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What is Homeowners Insurance and How Does it Work?

Posted on Sep 21, 2017 by Earl Raatz

What is Homeowners Insurance and How Does it Work Hands Featured Image

Sooner or later during the process of buying a new home, you'll have to give some consideration to homeowner's insurance if you intend to finance, and the sooner you understand what it is the better. 

Let's look at the basics of homeowner's insurance – specifically what it is and what types of damages it covers – to give you a heads-up on this important aspect of buying a new property.

What Homeowner's Insurance Is

To start off with, homeowner’s insurance is not the same thing as mortgage insurance, which you may have also heard of. Mortgage insurance is mandatory by default if property buyers deposit less than a 20% down payment on a home. It protects the creditor who grants a loan to a home buyer who normally would not be able to finance such a large sum of money.

Homeowner’s insurance, however, covers the property owner rather than the lender. It's a kind of property coverage that protects against damages to a person's home and losses of personal assets inside the home. It also offers liability protection against accidental injuries inside the house or in the yard.

What is Homeowners Insurance and How Does it Work Writing ImageHow Homeowner's Insurance Works

If you plan to request a mortgage on a home, many financial institutions and lenders will request proof of homeowner's insurance on your property before lending you money. You may be asked to purchase directly from the lender or from another institution. 

Having homeowner's insurance can give you an advantage toward getting approved for your mortgage. Especially due to the latest mortgage laws in place, you want lenders to view you as the least risky borrower as possible.

If you'd rather acquire your own insurance, you can compare different plans and choose the one that best suits your specific requirements. If you don't have your property insured against losses or damages, your lender can obtain insurance for you at an additional expense. 

Payments you make on your homeowner’s insurance coverage are typically included in your monthly mortgage payments. The lender you make your payment to sets aside a certain amount for your insurance policy into a trust account. When your insurance payment is due, the money is taken out of this trust account.

What Homeowner's Insurance Covers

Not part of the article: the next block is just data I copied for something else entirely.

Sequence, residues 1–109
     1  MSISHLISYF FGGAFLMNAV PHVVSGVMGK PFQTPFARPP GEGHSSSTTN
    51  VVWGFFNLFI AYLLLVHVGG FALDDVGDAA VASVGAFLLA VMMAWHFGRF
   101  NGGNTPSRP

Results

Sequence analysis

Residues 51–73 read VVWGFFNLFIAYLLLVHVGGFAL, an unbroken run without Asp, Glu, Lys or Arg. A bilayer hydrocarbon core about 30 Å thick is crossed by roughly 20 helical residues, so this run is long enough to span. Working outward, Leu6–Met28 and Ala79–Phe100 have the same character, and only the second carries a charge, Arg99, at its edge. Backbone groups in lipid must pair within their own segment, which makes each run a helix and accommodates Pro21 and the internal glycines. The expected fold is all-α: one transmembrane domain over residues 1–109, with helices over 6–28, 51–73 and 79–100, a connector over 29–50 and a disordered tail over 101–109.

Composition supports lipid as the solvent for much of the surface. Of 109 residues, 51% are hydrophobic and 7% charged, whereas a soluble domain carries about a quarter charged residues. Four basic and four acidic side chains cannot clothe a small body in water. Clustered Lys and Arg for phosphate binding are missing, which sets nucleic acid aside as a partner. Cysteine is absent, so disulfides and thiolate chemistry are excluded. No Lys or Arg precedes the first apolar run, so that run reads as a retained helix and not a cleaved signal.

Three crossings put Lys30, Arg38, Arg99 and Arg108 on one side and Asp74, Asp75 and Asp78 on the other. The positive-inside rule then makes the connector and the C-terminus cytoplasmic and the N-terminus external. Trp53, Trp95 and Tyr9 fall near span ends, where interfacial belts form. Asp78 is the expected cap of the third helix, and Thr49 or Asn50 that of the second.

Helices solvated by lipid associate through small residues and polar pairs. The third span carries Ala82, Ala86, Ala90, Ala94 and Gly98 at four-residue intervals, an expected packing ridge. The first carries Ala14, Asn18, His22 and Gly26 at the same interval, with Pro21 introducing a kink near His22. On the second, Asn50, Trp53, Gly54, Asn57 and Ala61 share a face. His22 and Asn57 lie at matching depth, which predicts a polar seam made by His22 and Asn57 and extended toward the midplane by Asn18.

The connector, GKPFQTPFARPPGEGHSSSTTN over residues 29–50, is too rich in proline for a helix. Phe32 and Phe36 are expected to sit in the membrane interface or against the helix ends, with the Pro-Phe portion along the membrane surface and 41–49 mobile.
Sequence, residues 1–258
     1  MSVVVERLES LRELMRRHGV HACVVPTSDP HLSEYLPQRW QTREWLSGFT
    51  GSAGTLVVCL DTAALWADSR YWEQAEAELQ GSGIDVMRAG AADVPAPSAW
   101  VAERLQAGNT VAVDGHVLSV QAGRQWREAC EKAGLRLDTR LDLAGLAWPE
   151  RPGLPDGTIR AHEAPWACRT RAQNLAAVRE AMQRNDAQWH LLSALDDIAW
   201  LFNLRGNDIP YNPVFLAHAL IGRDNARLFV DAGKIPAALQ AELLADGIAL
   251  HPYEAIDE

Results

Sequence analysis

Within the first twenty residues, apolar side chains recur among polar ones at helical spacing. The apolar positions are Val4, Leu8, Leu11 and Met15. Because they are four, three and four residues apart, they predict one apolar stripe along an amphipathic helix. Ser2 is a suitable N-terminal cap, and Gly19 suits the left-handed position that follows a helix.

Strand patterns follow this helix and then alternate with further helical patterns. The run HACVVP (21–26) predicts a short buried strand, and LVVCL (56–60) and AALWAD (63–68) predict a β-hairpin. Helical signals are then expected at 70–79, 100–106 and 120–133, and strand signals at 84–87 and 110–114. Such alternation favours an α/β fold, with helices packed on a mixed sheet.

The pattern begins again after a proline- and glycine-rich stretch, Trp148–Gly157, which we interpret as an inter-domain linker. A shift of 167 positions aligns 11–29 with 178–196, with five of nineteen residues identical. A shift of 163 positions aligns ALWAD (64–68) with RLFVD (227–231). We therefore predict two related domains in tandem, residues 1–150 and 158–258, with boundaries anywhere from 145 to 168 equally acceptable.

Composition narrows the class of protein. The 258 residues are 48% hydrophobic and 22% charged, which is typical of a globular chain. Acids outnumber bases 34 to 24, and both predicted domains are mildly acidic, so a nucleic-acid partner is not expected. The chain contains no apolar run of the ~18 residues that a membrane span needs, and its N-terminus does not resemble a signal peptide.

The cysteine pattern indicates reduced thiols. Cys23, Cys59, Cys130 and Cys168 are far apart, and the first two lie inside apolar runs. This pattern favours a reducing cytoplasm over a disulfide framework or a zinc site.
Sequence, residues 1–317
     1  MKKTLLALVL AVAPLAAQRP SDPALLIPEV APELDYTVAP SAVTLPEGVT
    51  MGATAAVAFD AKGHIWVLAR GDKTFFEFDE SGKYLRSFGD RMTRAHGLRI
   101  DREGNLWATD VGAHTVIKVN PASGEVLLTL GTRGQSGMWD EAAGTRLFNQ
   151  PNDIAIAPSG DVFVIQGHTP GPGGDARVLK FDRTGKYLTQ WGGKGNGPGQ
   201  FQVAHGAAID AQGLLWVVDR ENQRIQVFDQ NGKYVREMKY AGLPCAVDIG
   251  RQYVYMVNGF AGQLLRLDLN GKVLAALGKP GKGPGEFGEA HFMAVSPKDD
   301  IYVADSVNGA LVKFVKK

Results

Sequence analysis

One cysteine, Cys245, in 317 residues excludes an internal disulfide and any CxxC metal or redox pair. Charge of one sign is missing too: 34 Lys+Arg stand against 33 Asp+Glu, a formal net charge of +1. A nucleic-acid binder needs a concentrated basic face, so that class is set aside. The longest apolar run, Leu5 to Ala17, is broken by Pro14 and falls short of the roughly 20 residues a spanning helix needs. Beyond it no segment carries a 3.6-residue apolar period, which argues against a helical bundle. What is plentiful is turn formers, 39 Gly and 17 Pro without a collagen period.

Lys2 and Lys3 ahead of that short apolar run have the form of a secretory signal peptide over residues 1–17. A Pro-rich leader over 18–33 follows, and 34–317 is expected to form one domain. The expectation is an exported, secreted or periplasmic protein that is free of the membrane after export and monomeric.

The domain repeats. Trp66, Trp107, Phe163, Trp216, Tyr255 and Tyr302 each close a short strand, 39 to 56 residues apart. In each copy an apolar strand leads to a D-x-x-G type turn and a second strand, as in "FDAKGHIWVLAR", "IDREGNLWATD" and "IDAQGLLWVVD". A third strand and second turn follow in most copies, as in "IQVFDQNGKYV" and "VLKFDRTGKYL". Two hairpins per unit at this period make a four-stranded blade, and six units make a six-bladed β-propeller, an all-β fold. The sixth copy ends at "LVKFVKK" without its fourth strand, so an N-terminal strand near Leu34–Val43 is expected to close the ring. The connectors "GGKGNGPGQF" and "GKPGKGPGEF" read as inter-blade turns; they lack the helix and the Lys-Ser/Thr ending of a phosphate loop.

Homeowner’s insurance coverage generally addresses four kinds of situations that might occur on an insured lot: damage inside the home, damage to the exterior, loss or destruction of personal possessions, and accidental injuries that happen on the property. 

Any time a claim is filed for these types of occurrences, you will need to pay an insurance deductible, which is basically your self-assumed cost as an insured homeowner. 

To illustrate, let's say you file a claim for toxic mould damage you discover inside your home after you've insured it. The total expense of restoring your property back to a habitable state is determined by an insurance adjuster to be around $12,000. If your claim is accepted, you will be notified of the cost of the deductible based on the specific insurance contract you agreed to. 

Assuming your deductible comes out to be $5,000, your insurance provider will cover the extra cost, which in this case would be $7,000. The larger the deductible is on your plan, the cheaper the yearly or monthly cost of your homeowner’s insurance coverage.

Liabilities and Exclusions 

All homeowner’s insurance plans have liability limitations. These limits establish the degree of protection you have in the event of an unexpected accident. These limitations are typically fixed at around $100,000, but you can seek to increase this limit. 

If an insurance claim is indeed filed, this limit dictates exactly how much coverage would be applied to replacing lost items or fixing property damage, as well as costs incurred to live elsewhere while your home is repaired.

Certain political acts (war) and acts of God (floods, earthquakes, etc.) are usually not covered in common homeowner’s insurance plans. On the other hand, most standard homeowner’s insurance plans provide coverage for weather crises such as tornadoes and hurricanes.

What Homeowner's Insurance Does Not Cover

Homeowner’s insurance is sometimes also confused with home warranties, which are legal agreements that take care of repairing or replacing household units and appliances like stoves, water heaters, washing machines, dryers, and pools. 

These short-term agreements generally lapse once a certain amount of time has passed (usually a year), and you aren't required to have them to get a mortgage. Whereas homeowner’s insurance won't pay for damages caused by improper maintenance or unavoidable wear and tear, home warranties will.

You should now have a clearer picture of what homeowner's insurance is and what it is not. While it isn't legally mandatory to have if you're not financing, it's highly recommended for all owners of both new and old properties. Without homeowner's insurance, unpleasant circumstances can put your property, your loved ones, and your bank account at risk. 

Regardless of how well-constructed your property is, it's still susceptible to fire, flooding, and accidents that may result in expensive lawsuits. With homeowner's insurance, though, you've got it covered – just in case. 

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